“If it’s no trouble,” Jack replied, eagerly.
“None whatever. I must go back to the office, anyway.”
Jack was impatient to start, and he no longer felt hungry. He ordered a light supper, however, and ate it hurriedly. He finished at the same time as Hunston, and they left the “Cheese” and plunged into the outer fog and crowds. A short walk brought them to the Universe building, which was just closing its doors to the public. Hunston turned up the gas in his office.
“Here you are,” he said, taking a letter from a pigeon-hole over the desk.
Jack looked at it sharply, and disappointment banished hope. He scowled savagely, and an half-audible oath slipped from his lips. He had recognized Diane’s peculiar penmanship. She was in London, contrary to promise, and had dared to write to him.
“Sit down,” said Hunston. “Have a cigar?”
“No; I’m off,” Jack answered dully, as he thrust the letter into his pocket unopened.
Hunston regarded him anxiously.
“Ill see you to-morrow?” he asked. “You know it’s rather important, and I’ll want one of the double pages by next Wednesday.”
“I’ll turn up,” Jack promised, in an absent tone.
With that he hastened away, and as he trod the Strand his brain was in a confused whirl, and he was oblivious of the frothing life about him. He groped across Waterloo Bridge in the fog, and looked wistfully toward the black river. He did not care to read the letter yet. It was enough for the present to know that his wife had broken her word and returned to London, doubtless with the intention of demanding more money. He vowed that she should not have a penny. Fierce anger and resentment rose in his heart as he remembered, with anguish as keen as it had ever been, the blow Diane had dealt him.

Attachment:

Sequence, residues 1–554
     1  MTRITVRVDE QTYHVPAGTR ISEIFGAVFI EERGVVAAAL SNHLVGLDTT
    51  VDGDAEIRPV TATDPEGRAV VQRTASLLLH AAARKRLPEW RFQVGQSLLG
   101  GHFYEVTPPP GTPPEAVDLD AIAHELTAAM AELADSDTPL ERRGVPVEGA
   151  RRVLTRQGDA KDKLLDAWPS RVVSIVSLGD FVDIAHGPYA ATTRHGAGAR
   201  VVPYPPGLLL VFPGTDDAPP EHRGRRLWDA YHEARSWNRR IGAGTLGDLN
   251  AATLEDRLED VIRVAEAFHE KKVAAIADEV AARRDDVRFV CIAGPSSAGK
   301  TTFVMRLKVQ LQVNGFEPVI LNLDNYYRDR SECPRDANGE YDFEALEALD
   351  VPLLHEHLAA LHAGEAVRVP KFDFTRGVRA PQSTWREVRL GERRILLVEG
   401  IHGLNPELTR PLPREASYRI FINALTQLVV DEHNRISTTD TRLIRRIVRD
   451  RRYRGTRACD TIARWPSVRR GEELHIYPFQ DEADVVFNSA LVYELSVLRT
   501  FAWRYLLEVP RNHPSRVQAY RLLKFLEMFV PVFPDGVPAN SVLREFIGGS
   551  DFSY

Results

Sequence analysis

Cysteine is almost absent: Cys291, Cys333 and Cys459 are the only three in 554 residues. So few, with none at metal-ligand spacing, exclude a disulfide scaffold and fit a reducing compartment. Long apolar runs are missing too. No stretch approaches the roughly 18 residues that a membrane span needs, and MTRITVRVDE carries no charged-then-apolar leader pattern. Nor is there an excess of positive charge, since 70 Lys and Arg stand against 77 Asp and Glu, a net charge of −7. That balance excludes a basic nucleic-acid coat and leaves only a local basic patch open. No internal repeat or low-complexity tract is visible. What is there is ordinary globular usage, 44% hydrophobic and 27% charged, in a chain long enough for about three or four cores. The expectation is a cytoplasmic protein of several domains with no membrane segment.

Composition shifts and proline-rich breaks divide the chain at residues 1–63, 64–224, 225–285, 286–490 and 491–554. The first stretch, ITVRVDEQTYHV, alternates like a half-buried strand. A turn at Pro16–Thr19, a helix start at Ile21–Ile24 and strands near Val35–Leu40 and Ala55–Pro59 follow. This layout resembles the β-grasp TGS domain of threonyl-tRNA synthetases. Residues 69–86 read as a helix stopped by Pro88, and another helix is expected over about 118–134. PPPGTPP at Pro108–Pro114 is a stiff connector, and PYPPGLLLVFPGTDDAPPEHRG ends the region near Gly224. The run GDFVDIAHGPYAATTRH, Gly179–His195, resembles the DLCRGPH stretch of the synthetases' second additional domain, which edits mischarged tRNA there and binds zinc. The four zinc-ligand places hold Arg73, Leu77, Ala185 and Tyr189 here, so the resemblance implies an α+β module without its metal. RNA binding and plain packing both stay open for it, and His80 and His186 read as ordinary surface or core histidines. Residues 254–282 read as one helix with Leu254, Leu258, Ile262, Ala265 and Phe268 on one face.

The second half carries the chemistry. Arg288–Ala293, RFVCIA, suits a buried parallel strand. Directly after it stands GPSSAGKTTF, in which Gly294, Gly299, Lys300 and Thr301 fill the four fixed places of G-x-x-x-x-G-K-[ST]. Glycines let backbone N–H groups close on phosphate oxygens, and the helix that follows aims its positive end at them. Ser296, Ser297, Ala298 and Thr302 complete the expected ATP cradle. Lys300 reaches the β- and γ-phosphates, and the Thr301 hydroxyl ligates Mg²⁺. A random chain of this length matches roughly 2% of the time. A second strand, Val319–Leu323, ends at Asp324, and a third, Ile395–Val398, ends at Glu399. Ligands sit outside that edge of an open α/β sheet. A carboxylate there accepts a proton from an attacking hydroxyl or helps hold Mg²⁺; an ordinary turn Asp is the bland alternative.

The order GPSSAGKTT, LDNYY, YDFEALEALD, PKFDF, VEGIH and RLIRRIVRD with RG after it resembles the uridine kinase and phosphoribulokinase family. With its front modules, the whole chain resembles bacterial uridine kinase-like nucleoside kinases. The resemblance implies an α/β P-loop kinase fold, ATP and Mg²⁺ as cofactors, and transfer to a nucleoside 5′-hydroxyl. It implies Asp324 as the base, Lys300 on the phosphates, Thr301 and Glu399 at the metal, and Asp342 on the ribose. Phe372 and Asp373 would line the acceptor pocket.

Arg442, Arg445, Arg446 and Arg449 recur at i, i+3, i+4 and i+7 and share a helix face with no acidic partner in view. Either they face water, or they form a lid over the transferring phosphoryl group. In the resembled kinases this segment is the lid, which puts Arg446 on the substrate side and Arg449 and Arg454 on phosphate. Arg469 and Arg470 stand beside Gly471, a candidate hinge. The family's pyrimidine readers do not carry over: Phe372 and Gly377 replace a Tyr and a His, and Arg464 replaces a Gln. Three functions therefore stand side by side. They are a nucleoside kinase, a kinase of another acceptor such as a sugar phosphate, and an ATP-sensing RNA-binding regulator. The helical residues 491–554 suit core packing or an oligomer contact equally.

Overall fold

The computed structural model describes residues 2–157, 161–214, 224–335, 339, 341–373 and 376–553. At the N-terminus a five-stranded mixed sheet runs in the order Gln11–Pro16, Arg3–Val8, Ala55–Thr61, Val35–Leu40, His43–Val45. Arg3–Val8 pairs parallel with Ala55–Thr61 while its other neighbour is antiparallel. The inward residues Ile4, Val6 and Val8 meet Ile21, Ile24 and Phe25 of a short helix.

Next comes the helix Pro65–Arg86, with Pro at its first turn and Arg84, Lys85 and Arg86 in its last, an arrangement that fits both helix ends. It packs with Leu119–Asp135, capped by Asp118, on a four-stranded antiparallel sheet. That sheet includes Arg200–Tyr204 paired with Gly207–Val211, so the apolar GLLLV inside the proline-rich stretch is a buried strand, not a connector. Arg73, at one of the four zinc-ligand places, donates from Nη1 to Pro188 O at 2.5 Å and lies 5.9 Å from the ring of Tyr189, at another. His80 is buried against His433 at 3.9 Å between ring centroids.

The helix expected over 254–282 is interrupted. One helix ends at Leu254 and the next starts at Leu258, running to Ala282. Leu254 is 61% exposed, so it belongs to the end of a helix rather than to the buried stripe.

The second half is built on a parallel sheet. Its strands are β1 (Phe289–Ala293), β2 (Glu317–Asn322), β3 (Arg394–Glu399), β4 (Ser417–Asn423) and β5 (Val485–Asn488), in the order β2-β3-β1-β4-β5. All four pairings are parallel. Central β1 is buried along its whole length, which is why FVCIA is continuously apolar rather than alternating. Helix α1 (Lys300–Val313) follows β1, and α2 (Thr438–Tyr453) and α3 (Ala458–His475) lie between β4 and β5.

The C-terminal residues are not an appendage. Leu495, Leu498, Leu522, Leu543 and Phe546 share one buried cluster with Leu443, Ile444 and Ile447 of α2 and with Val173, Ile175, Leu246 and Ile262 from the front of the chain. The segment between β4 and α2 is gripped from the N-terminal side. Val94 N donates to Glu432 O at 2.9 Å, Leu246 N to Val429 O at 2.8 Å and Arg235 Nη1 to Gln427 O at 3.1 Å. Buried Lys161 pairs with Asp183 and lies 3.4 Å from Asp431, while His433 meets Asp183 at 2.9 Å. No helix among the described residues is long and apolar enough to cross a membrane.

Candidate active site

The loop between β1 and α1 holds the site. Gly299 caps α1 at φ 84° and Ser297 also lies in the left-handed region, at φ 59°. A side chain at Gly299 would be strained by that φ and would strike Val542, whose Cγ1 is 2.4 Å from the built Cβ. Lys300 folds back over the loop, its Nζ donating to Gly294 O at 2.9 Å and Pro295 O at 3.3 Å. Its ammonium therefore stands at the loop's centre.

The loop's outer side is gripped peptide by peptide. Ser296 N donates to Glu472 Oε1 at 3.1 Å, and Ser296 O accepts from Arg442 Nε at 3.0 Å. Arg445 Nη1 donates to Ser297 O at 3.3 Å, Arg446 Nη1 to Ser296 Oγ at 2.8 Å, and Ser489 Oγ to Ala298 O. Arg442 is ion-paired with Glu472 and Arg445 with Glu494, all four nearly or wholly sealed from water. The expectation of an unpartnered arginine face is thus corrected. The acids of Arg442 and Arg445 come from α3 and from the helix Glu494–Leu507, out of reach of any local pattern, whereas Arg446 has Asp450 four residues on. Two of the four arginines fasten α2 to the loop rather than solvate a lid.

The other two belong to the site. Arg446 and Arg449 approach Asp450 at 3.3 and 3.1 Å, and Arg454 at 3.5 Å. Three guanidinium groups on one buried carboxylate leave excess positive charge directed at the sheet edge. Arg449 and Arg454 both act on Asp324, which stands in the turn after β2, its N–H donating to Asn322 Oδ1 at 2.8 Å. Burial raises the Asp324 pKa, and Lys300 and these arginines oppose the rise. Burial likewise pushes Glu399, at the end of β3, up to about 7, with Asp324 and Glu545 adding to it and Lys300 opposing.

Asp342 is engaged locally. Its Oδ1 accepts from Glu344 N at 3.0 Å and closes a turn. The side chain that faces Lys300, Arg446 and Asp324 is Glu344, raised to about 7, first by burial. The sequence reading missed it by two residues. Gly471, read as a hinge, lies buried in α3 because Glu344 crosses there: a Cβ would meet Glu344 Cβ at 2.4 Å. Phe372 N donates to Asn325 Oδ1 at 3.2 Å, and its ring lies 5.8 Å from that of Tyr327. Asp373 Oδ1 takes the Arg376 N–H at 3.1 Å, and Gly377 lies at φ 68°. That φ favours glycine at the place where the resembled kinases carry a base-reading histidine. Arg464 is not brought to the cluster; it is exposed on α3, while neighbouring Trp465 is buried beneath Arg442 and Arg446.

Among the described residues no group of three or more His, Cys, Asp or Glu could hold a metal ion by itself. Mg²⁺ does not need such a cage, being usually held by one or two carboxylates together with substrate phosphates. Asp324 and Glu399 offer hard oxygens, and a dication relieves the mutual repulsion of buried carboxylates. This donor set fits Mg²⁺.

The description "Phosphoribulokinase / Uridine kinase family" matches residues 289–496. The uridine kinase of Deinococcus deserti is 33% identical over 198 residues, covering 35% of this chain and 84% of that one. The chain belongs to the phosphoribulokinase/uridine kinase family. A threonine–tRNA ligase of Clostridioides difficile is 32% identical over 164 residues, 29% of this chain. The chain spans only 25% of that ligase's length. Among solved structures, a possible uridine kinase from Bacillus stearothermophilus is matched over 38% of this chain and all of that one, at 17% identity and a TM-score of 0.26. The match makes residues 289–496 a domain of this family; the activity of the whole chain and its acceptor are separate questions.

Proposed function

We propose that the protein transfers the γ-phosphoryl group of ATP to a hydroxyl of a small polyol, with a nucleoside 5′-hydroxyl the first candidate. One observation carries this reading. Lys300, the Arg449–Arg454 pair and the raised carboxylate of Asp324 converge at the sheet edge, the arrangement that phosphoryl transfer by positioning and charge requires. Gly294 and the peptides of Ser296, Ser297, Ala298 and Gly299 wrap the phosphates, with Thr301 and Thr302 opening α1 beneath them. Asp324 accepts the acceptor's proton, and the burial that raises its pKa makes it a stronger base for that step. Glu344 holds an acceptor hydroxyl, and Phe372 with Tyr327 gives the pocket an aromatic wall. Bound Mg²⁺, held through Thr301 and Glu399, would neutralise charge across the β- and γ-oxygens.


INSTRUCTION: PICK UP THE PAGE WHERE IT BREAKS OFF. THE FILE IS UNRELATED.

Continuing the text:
“I will show her no mercy,” he resolved.
In the privacy of his room, when he had locked the door and lighted the gas, he took out the letter. His face was dark and scowling as he tore it open, and read the few lines that it contained:
“DEAR JACK:—You will fly into a passion when you find that I am in London, but you won’t blame me when you learn the reasons that have brought me back. I knew that you had returned from India, and I want to see you. Not having your address, I am sending the letter to the Universe office, and I hope it will be delivered to you promptly. Will you come to 324 Beak street, at half-past eight to-morrow night? The street door will be open. Go to the top of the stairs, and knock at the first door on the left. Do not fear that I shall ask for money, or make other demands. I have much to tell you, of the greatest importance to your future happiness. If you do not come you will regret it all your life. I will expect you. DIANE.”
With a bitter laugh Jack flung the letter on a table. It was not written in French, for Diane was herself of English birth, though of her history before she came to Paris her husband was ignorant; she had never spoken to him of her earlier years, nor had he questioned her about them.